We have lately been reporting on "Syntrolysis" technology, which is described as "a process developed by the (USDOE's) Idaho National Laboratory that (consumes) carbon dioxide while creating synthesis gas ... a combination of hydrogen and carbon monoxide used to produce synthetic fuels."
Herein, with even more confirmation of their work to follow in coming days, we see that Denmark, in collaboration with New York's Columbia University, whose Carbon-recycling achievements we have earlier reported, has, as well, been studying and developing such Syntrolysis processes.
The reportage is highly technical, and we thus present, in this dispatch, only the briefest of excerpts.
Our intent is to further introduce the subject matter, preparatory to further reports in process, concerning  developments both in Denmark and at Columbia University, and, to, hopefully, encourage follow-up by those qualified to fully explain all of this to the rest of us.
That said, here's the teaser from:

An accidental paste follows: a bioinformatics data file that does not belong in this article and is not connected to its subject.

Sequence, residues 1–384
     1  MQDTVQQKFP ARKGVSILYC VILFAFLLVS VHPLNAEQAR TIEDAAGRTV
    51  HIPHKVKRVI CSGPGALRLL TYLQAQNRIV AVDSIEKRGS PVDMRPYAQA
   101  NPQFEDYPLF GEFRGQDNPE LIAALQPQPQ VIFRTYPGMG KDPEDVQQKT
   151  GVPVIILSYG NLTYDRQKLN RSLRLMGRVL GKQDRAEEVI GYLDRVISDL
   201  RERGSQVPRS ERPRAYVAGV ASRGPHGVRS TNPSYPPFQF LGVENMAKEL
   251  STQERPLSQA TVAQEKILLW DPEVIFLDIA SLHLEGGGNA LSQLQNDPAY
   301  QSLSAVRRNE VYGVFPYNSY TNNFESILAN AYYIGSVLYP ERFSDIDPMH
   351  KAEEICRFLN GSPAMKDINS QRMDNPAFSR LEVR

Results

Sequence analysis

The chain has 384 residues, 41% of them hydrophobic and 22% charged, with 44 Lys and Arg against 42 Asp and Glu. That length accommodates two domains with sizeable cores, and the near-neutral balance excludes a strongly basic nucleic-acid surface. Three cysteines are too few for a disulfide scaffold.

"Co-electrolysis of CO2 and H2O in Solid Oxide Fuel Cells
Date: June 2010
Authors: Christopher Graves, et. al.
Affiliations: National Laboratory for Sustainable Energy, Denmark; and, Columbia University, NY 
Abstract: This study examines the initial performance and durability of a solid oxide cell applied for co-electrolysis of CO2 and H2O. Such a cell, when powered by renewable/nuclear energy, could be used to recycle CO2 into sustainable hydrocarbon fuels."
The phrase "recycle CO2 into sustainable hydrocarbon fuels", though a little awkward, still has a nice sound to it, don't you think?
It should become our battle cry.
Too bad it hasn't yet, along with "Convert Coal to Gasoline!", begun to echo through the hills.

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